If a man will begin with certainties, he shall end in doubts; but if he will becontent to begin with doubts, he shall end in certainties.
Advancement of Learning, Francis Bacon.
It is remarkable that, with so great a recent emphasis on management, withmuch purveyance of courses, books and seminars, so little wisdom appearsto emerge on the essence of the successful management of large complexengineering projects. Major tunnels clearly figure in this category, occupyinga special place on account of the dominance of the construction options andthe constant vigilance demanded in respect of geological uncertainty. Theprincipal defect of so many tracts on management is that the subject isdiscussed as administration, the manipulation of the tools of management,understanding the bureaucratic machine, in preference to management asthe art of blending and synthesis across the diverse contributions to thesuccessful project. There is a great deal of jargon relating to projectmanagement. This language needs to be understood, in order to penetratethe surrounding mystique, but not to be used. Management-speak is nosubstitute for good leadership and clear thinking.Management as administration supposes that the engineering iscontrolled by directives and undertaken in individual cells, each cellconcerned with a particular aspect which is defined and recorded.Administration endeavours to police each aspect to prevent change whichmight otherwise interfere with other aspects of the project. Administration isremote, avoids technical debate, being incompetent, on account of inadequate technical understanding and an inappropriate structure, toengage in interactive leadership, reacting ineffectually to the consequences of change without active engagement in their anticipation.Management as administration is practised by some of the best knownmanagement consultants, who rely upon a formal set of procedures to ensurerigorous compliance with each aspect of a project to avoid interference with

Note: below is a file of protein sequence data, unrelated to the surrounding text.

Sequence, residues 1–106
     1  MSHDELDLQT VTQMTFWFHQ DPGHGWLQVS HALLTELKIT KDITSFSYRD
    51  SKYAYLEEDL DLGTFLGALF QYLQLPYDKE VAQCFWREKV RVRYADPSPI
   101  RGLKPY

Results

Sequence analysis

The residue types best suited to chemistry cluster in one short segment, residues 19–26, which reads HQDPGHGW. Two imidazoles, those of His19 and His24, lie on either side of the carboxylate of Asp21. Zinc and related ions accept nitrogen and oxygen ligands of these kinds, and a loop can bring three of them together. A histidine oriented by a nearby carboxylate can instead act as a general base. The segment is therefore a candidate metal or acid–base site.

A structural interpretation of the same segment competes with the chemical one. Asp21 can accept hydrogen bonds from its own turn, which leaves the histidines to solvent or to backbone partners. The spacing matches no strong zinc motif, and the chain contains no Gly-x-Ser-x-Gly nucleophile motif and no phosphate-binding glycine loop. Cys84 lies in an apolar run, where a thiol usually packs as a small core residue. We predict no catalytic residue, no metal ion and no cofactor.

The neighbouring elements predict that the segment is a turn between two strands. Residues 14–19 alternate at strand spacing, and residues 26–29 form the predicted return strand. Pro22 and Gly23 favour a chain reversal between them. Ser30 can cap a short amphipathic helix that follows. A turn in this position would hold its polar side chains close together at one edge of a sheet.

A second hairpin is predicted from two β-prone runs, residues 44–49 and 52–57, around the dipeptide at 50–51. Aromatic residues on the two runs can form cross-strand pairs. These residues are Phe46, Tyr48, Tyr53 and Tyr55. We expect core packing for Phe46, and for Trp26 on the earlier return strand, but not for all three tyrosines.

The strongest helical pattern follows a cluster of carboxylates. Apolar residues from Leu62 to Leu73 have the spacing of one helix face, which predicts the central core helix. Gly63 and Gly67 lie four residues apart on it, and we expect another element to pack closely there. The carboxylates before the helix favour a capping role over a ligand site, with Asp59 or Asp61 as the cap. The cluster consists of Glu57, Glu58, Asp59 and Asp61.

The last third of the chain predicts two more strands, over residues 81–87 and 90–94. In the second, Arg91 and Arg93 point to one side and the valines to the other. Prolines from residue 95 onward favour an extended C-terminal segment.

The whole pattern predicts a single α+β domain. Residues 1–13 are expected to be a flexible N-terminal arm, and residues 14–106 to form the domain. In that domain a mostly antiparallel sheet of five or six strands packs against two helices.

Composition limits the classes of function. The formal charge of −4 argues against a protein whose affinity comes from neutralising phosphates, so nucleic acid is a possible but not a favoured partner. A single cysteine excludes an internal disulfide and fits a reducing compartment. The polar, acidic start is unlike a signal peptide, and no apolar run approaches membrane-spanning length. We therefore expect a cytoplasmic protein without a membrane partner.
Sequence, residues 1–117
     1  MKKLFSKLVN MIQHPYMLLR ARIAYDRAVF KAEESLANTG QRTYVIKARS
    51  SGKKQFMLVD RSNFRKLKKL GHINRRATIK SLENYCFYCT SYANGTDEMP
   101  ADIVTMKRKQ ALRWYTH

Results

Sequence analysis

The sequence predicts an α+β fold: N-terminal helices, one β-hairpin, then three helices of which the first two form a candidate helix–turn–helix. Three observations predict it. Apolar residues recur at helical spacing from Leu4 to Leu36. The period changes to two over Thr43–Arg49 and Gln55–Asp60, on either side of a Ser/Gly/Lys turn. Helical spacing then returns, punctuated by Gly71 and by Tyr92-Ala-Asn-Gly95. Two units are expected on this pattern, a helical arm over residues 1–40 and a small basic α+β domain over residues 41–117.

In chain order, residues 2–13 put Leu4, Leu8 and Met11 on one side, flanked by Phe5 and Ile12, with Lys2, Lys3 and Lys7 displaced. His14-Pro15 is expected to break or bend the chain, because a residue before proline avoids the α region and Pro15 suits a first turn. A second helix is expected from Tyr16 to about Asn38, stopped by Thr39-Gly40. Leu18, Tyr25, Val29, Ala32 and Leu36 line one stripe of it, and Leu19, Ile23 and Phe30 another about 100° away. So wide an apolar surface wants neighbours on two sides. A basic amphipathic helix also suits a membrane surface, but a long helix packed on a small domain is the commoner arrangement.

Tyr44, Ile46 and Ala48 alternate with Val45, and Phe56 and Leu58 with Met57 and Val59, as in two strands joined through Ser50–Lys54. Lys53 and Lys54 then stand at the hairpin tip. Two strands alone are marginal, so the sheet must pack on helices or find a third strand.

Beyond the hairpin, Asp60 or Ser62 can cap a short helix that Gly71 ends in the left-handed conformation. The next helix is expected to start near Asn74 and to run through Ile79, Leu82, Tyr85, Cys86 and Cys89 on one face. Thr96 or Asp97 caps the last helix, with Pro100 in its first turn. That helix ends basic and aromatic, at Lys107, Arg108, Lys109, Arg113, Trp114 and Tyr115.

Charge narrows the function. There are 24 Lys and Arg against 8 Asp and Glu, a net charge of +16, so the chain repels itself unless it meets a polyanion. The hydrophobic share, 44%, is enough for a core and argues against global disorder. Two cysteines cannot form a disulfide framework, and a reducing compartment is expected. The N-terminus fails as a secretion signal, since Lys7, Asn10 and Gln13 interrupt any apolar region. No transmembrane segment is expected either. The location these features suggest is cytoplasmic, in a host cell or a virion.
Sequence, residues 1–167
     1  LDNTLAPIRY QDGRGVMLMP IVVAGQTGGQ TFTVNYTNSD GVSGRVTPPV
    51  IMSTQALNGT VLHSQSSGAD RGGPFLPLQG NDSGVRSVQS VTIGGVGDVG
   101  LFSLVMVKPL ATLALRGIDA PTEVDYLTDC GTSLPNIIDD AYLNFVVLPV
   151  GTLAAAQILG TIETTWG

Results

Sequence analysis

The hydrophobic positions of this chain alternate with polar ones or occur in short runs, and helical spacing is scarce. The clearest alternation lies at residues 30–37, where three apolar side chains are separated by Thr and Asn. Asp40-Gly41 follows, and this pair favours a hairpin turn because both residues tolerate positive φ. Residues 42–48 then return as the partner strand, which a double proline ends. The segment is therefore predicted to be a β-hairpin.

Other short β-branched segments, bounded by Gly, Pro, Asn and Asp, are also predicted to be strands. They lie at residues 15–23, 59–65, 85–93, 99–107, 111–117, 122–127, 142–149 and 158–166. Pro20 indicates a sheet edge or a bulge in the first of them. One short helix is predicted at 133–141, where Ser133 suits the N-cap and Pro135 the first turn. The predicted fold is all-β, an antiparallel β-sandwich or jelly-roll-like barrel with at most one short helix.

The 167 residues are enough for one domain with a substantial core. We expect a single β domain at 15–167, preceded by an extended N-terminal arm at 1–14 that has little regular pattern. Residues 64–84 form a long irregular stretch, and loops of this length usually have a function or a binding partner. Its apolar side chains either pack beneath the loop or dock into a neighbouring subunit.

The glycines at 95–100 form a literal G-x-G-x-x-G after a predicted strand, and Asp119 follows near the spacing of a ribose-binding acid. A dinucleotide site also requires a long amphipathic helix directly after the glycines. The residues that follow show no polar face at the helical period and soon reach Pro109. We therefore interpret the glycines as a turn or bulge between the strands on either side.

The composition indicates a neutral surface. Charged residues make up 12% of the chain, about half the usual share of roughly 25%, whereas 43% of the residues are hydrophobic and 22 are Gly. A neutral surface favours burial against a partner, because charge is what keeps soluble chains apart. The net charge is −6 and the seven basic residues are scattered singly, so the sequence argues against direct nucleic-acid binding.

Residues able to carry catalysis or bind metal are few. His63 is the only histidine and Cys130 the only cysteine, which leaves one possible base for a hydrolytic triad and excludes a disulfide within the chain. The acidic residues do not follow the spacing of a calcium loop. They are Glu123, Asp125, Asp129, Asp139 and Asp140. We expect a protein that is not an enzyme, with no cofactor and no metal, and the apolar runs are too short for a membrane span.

© 2000 Alan Muir Wood